The Roman Senate

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The Senate was an at times powerful legislative body in the civilization of Ancient Rome. The size and nature of its membership changed through the years.

Romulus, the founder of Rome, also founded the Senate, by appointing 100 men from the settlement's most important families. These men he called Patres, or fathers; from this word came the name for the well-do-to class, the patricians. The word Senate comes from the Latin word Senex, which translates into English as "old man." (Another, perhaps more apt translation is "council of elders.") The original Senators were elders of their families. Senators were not always old. In fact, many were young. The minimum age was 32 originally; the first emperor, Augustus, changed the minimum age to 25.

Roman Senate

Following Romulus's lead, the Senate continued to be made up of members who were appointed. An official known as a censor had the power to appoint Senators. In the early days, requirements for being eligible to be a Senator included a certain amount of wealth, usually reflected in the ownership of property, and previous experience as a magistrate (which in Ancient Rome was any type of public official, not just a judge, as the term is often used today). Anyone who had been convicted of a crime could not serve in the Senate.

Through a combination of precedent and economic reality, patricians held on to sole ownership of the Senate until the Conflict of the Orders, in the 3rd and 2nd Centuries B.C. The passage of the Hortensian law in 287 B.C. ended all patrician exclusivity.

Initially, a series of kings ruled Rome. During this time, the Senate had little power, serving as an advisory body for the king. Under the Republic, Senators had more power. Even then, the Senate issued decrees, which could be ignored if the ruling executives so chose.

From its earliest days, the Senate had broad powers in foreign matters, however. It was the Senate that declared war and negotiated peace treaties and trade agreements with other civilizations. It was the Senate as well that looked after the city's treasury.

The fifth king of Rome, known as Tarquin the Elder, added another 100 men to the Senate. His grandson, Tarquin the Proud, dispatched many of those and didn't replenish the numbers. The first Roman consuls, Lucius Junius Brutus and Publius Valerius Publicola, increased the Senate membership to 300. In later years, the number of Senators went as high as 500.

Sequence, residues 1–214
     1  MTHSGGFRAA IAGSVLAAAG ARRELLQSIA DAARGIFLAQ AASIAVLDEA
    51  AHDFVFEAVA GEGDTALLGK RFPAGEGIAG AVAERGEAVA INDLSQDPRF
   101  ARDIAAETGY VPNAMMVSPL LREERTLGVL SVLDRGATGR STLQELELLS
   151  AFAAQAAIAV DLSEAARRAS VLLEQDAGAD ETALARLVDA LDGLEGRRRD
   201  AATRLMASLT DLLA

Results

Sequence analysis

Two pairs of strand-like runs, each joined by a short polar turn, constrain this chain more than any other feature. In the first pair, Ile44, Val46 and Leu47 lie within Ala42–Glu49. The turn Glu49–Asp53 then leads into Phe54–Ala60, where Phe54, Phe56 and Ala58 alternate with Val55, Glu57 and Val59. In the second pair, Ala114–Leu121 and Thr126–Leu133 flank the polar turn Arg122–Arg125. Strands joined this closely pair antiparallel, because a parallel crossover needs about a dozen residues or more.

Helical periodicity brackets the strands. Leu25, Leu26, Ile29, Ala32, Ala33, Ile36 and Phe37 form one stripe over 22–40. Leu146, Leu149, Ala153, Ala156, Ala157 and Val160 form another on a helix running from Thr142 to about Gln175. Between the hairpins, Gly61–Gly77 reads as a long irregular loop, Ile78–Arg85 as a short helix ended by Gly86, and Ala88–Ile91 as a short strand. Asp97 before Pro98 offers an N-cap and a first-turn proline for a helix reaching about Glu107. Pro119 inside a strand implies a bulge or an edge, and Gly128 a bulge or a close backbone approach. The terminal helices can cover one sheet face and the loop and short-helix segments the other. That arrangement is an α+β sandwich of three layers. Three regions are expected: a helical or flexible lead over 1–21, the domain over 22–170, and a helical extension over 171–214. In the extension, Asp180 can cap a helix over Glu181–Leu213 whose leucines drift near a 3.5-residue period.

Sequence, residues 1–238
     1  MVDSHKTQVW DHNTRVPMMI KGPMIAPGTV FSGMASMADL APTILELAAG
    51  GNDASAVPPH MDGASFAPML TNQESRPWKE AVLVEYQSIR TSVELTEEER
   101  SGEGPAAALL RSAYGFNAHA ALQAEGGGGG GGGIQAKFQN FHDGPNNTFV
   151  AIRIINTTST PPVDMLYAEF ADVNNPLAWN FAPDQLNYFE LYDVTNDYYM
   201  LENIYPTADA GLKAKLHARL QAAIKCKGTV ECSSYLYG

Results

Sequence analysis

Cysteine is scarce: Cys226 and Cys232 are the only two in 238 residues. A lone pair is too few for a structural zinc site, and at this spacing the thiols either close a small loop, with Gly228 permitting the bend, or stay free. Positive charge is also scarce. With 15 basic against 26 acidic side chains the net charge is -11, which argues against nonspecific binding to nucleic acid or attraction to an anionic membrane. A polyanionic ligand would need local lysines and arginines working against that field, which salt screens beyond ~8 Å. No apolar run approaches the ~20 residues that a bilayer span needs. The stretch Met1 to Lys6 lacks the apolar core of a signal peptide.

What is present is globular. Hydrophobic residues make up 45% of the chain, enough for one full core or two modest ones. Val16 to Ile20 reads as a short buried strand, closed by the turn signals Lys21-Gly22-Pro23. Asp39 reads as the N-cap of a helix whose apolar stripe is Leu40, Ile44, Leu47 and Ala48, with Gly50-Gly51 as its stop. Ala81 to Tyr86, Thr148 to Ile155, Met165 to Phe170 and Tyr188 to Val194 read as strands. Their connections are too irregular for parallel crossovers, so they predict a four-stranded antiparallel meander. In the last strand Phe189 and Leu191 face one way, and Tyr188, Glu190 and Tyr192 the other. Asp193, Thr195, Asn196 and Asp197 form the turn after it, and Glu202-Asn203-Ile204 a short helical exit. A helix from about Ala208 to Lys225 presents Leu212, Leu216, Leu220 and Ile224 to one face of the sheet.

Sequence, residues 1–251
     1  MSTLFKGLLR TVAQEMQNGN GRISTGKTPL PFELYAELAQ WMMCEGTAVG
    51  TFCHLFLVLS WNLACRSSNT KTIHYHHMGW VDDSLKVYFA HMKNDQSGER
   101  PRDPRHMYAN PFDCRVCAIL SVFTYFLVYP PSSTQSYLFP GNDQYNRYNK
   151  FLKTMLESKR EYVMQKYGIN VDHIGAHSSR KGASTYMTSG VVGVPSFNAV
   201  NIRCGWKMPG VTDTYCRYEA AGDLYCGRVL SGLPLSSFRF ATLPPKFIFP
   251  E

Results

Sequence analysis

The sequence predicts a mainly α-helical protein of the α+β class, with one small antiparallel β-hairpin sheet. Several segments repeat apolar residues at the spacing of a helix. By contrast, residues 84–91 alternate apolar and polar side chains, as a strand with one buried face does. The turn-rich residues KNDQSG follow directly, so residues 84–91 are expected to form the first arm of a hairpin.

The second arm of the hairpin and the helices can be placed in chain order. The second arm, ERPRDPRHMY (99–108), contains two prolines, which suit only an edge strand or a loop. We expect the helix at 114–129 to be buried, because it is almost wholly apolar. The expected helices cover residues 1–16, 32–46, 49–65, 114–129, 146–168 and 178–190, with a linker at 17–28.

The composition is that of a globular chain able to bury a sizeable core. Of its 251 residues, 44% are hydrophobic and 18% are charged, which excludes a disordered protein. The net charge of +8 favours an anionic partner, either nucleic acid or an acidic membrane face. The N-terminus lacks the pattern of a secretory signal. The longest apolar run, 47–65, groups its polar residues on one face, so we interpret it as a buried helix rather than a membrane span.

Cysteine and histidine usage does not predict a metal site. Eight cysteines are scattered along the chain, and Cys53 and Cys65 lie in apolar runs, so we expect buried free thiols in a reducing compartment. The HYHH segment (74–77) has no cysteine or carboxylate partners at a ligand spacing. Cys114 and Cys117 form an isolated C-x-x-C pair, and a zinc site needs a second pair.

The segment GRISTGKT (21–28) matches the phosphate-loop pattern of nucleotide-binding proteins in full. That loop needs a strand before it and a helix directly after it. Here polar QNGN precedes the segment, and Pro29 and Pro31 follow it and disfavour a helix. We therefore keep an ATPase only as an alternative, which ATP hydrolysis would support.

A Senator most often wore a white tunic that had a purple stripe and the right shoulder, and they also wore special shoes. Senators could also wear a special ring; such rings were originally made of iron and later made of gold.

Senators could spend the rest of their lives in office, unless removed for misconduct (or, during August's reign, because of a loss of wealth). Being a Senator didn't command a salary but did take up a lot of time; this was another barrier to men (for women were not permitted in the Senate) who otherwise had to spend their days working for a living.

Technically, the Senate didn't have true legislative power. All potential decrees approved by the Senate had to also be approved by either the Centuriate Assembly (over which the consuls presided), depending on which jurisdiction oversaw the aspect of life covered by the proposed decree.

Senate meetings had to take place within the city boundary or, at the most, within one kilometer (.62 miles) outside it. From ancient times, the Curia, in the Forum was available to the Senate, and so it often met in that building. Before each meeting began, religious officials would perform a sacrifice to the gods and then seek divine omens. The presiding magistrate (commonly one or both of the consuls) would then declare the meeting in session and after, giving a speech, direct the Senators to discuss any number of issues. Each Senator could speak on any issue, for as long as he wanted, and every Senator had to be given the chance to speak before a vote could be taken. Meetings began at dawn and had to end at nightfall, so a Senator who wanted to ensure that a vote wouldn't be taken on a certain issue could just keep talking. (This is the origin of the filibuster found in the U.S. Senate.) Voting took one of three forms: voice, a show of hands, or a physical gathering in the meeting space of those in favor of an issue and those opposed.

The Senate (or a consul) could, in times of emergency, appoint a dictator, who would have full powers of consulship for six months. The Senate reserved the right to veto any decision made by a dictator. Such officials were not unknown during the first few centuries of the Republic (with Camillus being the most famous); however, after 202 B.C., the function of the dictator fell instead to the consuls, by way of an "ultimate decree of the Senate." (Before the end of the Republic, the Senate appointed just two more dictators: Sulla and Julius Caesar).

With the transition into Empire, the Senate gained the power of the assemblies, which continued to meet but lost their legislative powers. One prime example of this was the criminal trial, over which the Senate presided in the Empire: A consul was the presiding officer, the Senators served as jurors, and the verdict was issued in the form of a senatorial decree.

With the advent of the Emperor as the sole head of state, the Senate was again reduced in stature and power. The Emperor sometimes presided over sessions of the Senate and spoke whenever he wanted to speak. Even with the Emperor wasn't there, Senators were strongly encouraged to approve any laws that the Emperor favored; in order to indicate disfavor, a Senator would abstain rather than vote against such an imperially countenanced measure. The Senate did still have the power to try cases of treason.

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